The Role of Brain Computed Tomography in Evaluating Children with New Onset of Seizures in the Emergency Department

Authors

  • Joseph Maytal,

    Corresponding author
    1. Division of Pediatric Neurology, Schneider Children's Hospital, The Long Island Campus for the Albert Einstein College of Medicine, New Hyde Park, New York, U.S.A.
    Search for more papers by this author
  • Joel M. Krauss,

    1. Division of Pediatric Neurology, Schneider Children's Hospital, The Long Island Campus for the Albert Einstein College of Medicine, New Hyde Park, New York, U.S.A.
    Search for more papers by this author
  • Gerald Novak,

    1. Division of Pediatric Neurology, Schneider Children's Hospital, The Long Island Campus for the Albert Einstein College of Medicine, New Hyde Park, New York, U.S.A.
    Search for more papers by this author
  • Joy Nagelberg,

    1. Pediatric Emergency Department, Schneider Children's Hospital, The Long Island Campus for the Albert Einstein College of Medicine, New Hyde Park, New York, U.S.A.
    Search for more papers by this author
  • Mahindra Patel

    1. Department of Radiology, Long Island Jewish Medical Center, The Long Island Campus for the Albert Einstein College of Medicine, New Hyde Park, New York, U.S.A.
    Search for more papers by this author

  • Presented in part at the International Child Neurology Congress, Slovenia, 1998.

Address correspondence and reprint requests to Dr. Joseph Maytal, Division of Pediatric Neurology, Schneider Children's Hospital, Long Island Jewish Hospital, New Hyde Park, NY 11040, U.S.A.

Abstract

Summary: Background: The purpose of neuroimaging of a patient with new onset of seizures is to demonstrate cause and explore the prognosis. It was recently recommended that emergency brain computed tomography (CT) be performed only in adult seizure patients with an increased likelihood of life-threatening lesions, i.e., those with new focal deficits, persistent altered mental status, fever, recent trauma, persistent headaches, history of cancer, history of anticoagulation, or suspicion of acquired immunodeficiency syndrome. The objective of this study was to determine the diagnostic utility of emergency brain CT in children who present to the emergency department with new onset of seizures.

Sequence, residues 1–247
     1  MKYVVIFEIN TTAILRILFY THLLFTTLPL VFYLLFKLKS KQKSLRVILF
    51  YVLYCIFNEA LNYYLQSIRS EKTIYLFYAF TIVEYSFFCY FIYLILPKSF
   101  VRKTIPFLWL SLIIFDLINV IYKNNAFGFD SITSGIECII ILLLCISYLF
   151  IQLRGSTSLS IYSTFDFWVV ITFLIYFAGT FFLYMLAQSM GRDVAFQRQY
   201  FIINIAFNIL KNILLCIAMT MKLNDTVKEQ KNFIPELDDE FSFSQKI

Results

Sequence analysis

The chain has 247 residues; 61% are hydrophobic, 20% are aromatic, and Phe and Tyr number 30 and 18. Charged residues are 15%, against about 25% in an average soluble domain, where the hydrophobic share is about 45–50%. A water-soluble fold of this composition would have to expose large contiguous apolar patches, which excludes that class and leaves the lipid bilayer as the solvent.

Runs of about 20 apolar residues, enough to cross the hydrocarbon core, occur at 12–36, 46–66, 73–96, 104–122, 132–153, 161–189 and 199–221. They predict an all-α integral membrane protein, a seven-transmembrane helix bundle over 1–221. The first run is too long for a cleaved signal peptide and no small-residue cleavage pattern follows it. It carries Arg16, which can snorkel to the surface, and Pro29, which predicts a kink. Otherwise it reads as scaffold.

Methods: A 1-year retrospective chart review of all children who presented to the emergency department of the Schneider Children's Hospital with a new onset of seizures and who underwent CT of the brain, excluding children with simple febrile seizures.

Results: Sixty-six patients, 34 boys and 32 girls with a mean age of 4.9 years, qualified for inclusion in the study. Fifty-two patients (78.8%) had normal CT results and 14 patients (21.2%) had abnormal CT results. Seizure cause was considered cryptogenic in 33 patients, of whom 2 (6%) had abnormal CT results; neither patient required intervention. Seizure cause was considered symptomatic in 20 patients, of whom 12 (60%) had abnormal CT results (p < 0.0001). In two patients with abnormal CT scans (both acute symptomatic), the imaging findings were of immediate therapeutic significance and were predictable from the clinical history and the physcial examination. None of the 13 patients with complex febrile seizure cause had an abnormal CT scan. Patients with partial convulsive seizures were more likely to have abnormal CT scans than patients with generalized convulsive seizures, but the difference was not statistically significant.

Conclusions: The routine practice in many pediatric emergency Department of obtaining brain CT scans for all patients with new onset of nonfebrile seizures is unjustified. History and physical examination are sufficient to identify those patients for whom such studies are likely to be appropriate. Emergent CT is not indicated for patients with no known seizure risk factors, normal neurological examinations, no acute symptomatic cause other than fever, and reliable neurological follow-up. For these patients, referral to a pediatric neurologist for further workup, including electroencephalography and the more diagnostically valuable magnetic resonance imaging, would be more appropriate.

Ancillary